Addiction is a powerful motivation. It never ceases to amaze me, how creative the addicted mind can be in search of a new high. The latest technique, called “Dripping”, with its fancy nickname and optically alluring thick clouds of flowery smoke, seems like it came straight out of a Madison Avenue marketers’ playbook. Tobacco, alcohol and sugar producers of the world have made huge profits for generations promoting the idea that their products will make you feel sexier, happier, refreshed or more fulfilled. Over time, these same tactics were studied and adopted by the entire drug counter-culture, tempting potential addicts with new ways to excite and tease the brain. Their ability to innovate and market by developing new techniques and creating inventive nicknames continually takes on new forms. The potential for abuse with this new process appears is limited solely by users’ capacities to be creative.
“Dripping” is derived from people vaping electronic cigarettes, battery operated devices that heat liquid and turn it into a vapor, instead of smoke, which a person inhales. E-Cigarettes have been universally promoted as a safer alternative to smoking traditional cigarettes because proper use leads to a lower ingestion of harmful chemicals and the elimination of second-hand smoke. What goes unaccounted for, is that the growing popularity has led to increased use by adolescents legally prohibited from smoking, as well as several other alternative uses for these devices including smoke trick competitions, helping to foster the “cool” factor.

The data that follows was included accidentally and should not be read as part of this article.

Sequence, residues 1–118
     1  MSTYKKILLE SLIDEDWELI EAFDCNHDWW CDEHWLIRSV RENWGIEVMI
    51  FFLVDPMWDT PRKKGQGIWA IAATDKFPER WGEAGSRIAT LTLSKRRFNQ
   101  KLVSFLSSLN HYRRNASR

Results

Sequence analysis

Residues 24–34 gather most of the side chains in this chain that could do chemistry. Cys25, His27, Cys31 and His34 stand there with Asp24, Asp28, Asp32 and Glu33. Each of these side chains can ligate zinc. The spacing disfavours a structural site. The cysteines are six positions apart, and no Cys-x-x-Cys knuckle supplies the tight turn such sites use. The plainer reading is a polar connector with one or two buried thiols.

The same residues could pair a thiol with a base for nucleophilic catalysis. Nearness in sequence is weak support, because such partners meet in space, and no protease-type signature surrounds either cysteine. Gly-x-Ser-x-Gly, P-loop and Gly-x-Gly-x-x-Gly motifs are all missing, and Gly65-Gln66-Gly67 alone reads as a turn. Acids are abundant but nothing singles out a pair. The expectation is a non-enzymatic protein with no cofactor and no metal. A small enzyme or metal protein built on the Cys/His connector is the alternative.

“Dripping” itself is pretty simple. It involves the dropping of e-cigarette liquid directly onto the hot coils of the electronic cigarette to produce a thicker, more flavorful smoke. This is dangerous enough in and of itself because it exposes users to higher levels of nicotine and other harmful toxins such as formaldehyde and acetaldehyde, which are known carcinogens. However, the growing availability of marijuana in the form of THC oil, makes that use the inevitable next troubling step in the evolution of this concerning trend. It could also be used to experiment with any number of other drugs typically consumed by smoking. This is of particular concern because of its growing availability to adolescents. Study-after-study demonstrates that people who start smoking in their youth are as much as 80% more likely to become addicts as adults, than their non-smoking counterparts.
The CEO of the Tobacco Vapor Electronic Cigarette Association, defends e-cigarettes by pointing out that users who ‘drip’ represent just a small sliver of the people who enjoy vaping and that the existence of vaping does reduce the smoking of more harmful traditional cigarettes. He emphasizes that the industry in no way condones “dripping” because, “at the end of the day, I don’t think they serve any kind of purpose”. However, we must appreciate the fact that he’s motivated by a particularly biased perspective, not all that much different from those in the alcohol industry with their ‘responsible drinking’ campaigns.
It’s developments like this which highlight the importance of flexibility and open-mindedness in addiction treatment. We are constantly bombarded with frustrating twists and turns, making it seem like we’re playing one giant game of addiction ‘whack-a-mole’. One minute, we’re combating synthetic drugs like FLACCA (bath salts), and the next minute, synthetic marijuana like K2, then the wind changes and “Dripping” is all the rage. Our need to remain vigilant and aware of new developments is more important than ever. Addicts are often fragile and susceptible to the latest trend with a cool name. Unless we’re persistent and consistent with our message these trends have a way spiraling out of control. The stakes are high. That’s why it’s critical for us to loudly voice our concerns when troubling challenges develop, to nip them in the bud before we find ourselves bracing for yet another tidal wave of substance abuse pounding up against our shores.